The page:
The World Tour proved to be the centerpiece of the BCIIC’s relatively short existence. For six weeks starting in November 1935, Sanger and How-Martyn, traveling separately, crisscrossed India. They addressed 105 meetings, most of them with women’s groups, and over thirty with medical organizations before which they demonstrated contraceptive devices and screened technical films. They met with government officials in large and small cities to discuss ways to incorporate birth control into public health programs, recommending the inexpensive foam powder and sponge method as a promising contraceptive for the masses. Highlights of the India tour included Sanger’s speech to the All India Women’s Conference, the group that officially invited her to India; her radio talk, “What Birth Control Can Do for India,” which aired throughout the country; her lengthy one-on-one meeting with Gandhi at his Ashram in Wardha, a historic debate between two of the world’s most persevering reformers that made headlines around the world; and her visit to Rabindranath Tagore, the Bengali poet and philosopher. Although Sanger and How-Martyn met with resistance and, at times, opposition from religious groups and traditionalists, the positive publicity they garnered far outweighed the few setbacks. The Indian press covered all of Sanger’s public appearances and featured interviews and profiles, educating the reading public about the health and economic benefits of birth control. Most significantly, nearly fifty contraceptive teaching centers were established for public health and hospital staffs as a result of the tour. (Sanger, How-Martyn, ‘Round the World for Birth Control, [London, 1936], 12-17.)
From India How-Martyn traveled to Ceylon (Sri Lanka) and met up with Sanger in Burma (Myanmar). Sanger moved on to the Malay Peninsula, Singapore and Hong Kong, before an intestinal flare-up shortened her trip. How-Martyn continued the tour through the major cities in China, onto the Philippines, then Japan, Hawaii, and, in the summer of 1936, Canada.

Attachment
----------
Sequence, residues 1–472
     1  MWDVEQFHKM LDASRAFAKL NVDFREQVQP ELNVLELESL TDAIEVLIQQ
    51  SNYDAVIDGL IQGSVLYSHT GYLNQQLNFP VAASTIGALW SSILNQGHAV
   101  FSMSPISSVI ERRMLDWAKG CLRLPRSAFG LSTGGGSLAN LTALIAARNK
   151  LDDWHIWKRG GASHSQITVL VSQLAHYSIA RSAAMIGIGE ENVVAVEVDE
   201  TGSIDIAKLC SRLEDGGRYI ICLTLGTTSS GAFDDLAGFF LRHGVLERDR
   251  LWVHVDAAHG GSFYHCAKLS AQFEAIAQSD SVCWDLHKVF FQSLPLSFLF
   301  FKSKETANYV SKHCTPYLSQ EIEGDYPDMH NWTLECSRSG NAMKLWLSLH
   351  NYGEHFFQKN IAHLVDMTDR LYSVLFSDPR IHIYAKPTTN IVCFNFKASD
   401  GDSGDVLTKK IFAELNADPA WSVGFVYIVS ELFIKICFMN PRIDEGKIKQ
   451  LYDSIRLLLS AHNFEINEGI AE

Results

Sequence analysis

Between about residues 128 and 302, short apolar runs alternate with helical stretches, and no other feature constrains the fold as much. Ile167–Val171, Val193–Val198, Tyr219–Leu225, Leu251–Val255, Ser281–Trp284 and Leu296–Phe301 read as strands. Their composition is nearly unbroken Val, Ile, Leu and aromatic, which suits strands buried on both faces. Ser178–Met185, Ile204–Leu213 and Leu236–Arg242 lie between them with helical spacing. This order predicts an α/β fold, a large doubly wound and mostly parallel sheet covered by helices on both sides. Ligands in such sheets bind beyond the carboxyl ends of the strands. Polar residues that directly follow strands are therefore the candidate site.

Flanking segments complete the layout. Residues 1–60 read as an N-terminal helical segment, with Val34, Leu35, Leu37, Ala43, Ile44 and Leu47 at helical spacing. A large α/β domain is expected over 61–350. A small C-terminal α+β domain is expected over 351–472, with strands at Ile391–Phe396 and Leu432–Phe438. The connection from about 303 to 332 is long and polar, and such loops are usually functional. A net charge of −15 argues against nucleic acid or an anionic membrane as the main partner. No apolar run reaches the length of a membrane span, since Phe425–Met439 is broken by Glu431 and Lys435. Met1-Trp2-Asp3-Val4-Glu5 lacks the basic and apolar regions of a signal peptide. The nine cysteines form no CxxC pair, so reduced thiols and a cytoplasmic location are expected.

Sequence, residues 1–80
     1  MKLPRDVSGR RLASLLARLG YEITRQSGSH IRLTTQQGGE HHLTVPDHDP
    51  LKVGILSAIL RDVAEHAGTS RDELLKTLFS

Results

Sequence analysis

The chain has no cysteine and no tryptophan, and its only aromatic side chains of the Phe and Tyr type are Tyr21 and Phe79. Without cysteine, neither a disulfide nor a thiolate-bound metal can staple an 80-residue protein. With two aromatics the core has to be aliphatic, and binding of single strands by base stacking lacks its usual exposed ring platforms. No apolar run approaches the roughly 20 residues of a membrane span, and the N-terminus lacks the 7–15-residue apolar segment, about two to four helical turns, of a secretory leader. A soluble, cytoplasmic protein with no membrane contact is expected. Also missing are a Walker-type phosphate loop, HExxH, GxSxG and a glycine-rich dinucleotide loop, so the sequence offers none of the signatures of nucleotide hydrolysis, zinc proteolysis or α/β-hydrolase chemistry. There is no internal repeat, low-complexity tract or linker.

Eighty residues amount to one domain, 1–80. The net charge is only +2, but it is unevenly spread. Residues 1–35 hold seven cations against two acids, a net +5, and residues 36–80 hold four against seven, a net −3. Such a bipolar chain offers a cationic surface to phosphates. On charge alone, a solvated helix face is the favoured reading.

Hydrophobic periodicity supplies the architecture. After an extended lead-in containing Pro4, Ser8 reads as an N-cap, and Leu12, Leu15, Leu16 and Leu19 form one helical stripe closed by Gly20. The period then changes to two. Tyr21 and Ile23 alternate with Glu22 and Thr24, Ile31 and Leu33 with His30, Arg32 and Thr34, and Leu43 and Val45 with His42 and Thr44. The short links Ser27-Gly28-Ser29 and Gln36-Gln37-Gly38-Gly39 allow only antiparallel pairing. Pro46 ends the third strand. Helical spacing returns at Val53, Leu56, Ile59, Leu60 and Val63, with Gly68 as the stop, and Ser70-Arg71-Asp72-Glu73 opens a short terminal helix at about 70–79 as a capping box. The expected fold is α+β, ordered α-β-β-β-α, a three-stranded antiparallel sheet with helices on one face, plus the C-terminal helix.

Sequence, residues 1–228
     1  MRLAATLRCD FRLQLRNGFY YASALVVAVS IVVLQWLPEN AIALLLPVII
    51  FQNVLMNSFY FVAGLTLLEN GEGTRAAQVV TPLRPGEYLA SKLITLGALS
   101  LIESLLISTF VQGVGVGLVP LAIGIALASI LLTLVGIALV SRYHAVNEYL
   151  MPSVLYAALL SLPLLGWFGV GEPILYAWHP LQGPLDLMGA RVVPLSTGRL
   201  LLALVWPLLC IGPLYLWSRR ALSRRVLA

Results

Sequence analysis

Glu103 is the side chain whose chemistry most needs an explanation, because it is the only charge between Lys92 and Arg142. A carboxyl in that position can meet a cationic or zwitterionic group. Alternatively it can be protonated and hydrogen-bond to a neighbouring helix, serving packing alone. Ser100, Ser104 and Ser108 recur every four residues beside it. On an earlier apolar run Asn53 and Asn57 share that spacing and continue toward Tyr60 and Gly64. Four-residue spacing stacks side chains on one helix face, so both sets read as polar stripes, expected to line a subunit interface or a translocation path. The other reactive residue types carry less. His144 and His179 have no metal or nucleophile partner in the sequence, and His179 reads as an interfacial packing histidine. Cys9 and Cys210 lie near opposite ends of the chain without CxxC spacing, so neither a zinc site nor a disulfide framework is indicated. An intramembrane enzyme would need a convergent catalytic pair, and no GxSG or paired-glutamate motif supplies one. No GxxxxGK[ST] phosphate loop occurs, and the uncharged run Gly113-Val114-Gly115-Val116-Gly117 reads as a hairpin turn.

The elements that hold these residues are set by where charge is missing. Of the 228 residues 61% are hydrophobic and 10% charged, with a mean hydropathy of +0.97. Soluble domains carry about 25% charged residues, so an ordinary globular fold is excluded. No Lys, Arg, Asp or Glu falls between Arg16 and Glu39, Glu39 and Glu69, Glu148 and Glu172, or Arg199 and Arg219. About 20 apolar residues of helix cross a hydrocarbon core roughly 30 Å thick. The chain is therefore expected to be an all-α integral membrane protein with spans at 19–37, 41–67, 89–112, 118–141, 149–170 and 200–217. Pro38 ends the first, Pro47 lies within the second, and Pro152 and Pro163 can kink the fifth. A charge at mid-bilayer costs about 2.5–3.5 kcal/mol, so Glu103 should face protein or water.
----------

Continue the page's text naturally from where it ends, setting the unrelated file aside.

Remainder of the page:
The World Tour should have been an unmitigated triumph for the BCIIC, a grand achievement of the organization’s primary goal to “spread the knowledge of birth control all over the world.” Instead it brought about the beginning of the Centre’s slow demise. A conflict erupted among the BCIIC council members over How-Martyn’s status and use of Centre funds on her trip. How-Martyn, like Sanger, resented controlling boards and sought greater freedom in conducting field work. She resigned as director in November 1935 but continued to travel through Asia using BCIIC funds. She extended her trip outside of India without the council’s approval and against the wishes of the Centre’s most significant supporter at the time, the Canadian rubber goods manufacturer and philanthropist, Alvin Kaufman. Kaufman demanded that his contributions be returned if the BCIIC continued to allow How-Martyn to serve as a free agent. From India, Sanger tried to make peace but was reflexively loyal to How-Martyn and predisposed to be wary of oversight boards. She too considered resigning but held on as president a little longer. (Kaufman to Edith How-Martyn, May 8, 1935; Kaufman to John Henry Guy, BCIIC, Nov. 22, 1935 [LCM 12:276, 15:959].)
Financial difficulties forced the BCIIC to reorganize in 1936-37. The new honorary director, Maurice Newfield, instituted a membership structure to replace the Centre’s reliance on a few individual donors. How-Martyn cut her ties completely by resigning from the Centre’s council in October 1936. Sanger, who had become frustrated with internal disputes and had refocused her attention on the American movement, resigned as president in early 1937, replaced by Lord Horder. Lacking decisive leadership and suffering from a budget crisis, the Centre accomplished little in 1937 and in 1938 was absorbed by England’s National Birth Control Association. A year later the movement in Europe and Asia all but shut down with the outbreak of war. (Edith How-Martyn to MS, Apr. 23, 1937; Harry and Gerda Guy to MS, July 11, 1938; Maurice Newfield to MS, Apr. 1, 1938 and Gerda Guy to MS, Apr. 12, 1938 [LCM 16:345, 664, 603 and 608].)
The BCIIC has become but a footnote in the history of the international movement, overshadowed by Sanger’s concurrent international work and accomplishments for which she seldom gave the BCIIC credit. It does not help matters that some BCIIC records were apparently disposed of by the National Birth Control Association when it took control of the BCIIC. Fortunately most of the voluminous correspondence between Sanger and How-Martyn, and How-Martyn’s detailed reports for the BCIIC survive and have become important resources in our work on Volume 4 of The Selected Papers of Margaret Sanger. As we move along with our research, it is becoming more and more evident to us that the BCIIC played a significant role in guiding health and social agencies and women’s groups in the Middle East, Eastern Europe, India and other parts of Asia in the development of birth control programs. Although the Centre and most of its projects did not survive the war, the contacts that it created, especially in India, paved the way for more sustained international organizing in the postwar era. (Matthew Connelly, Fatal Misconception: The Struggle to Control World Population [Cambridge, 2008], 110, 415.)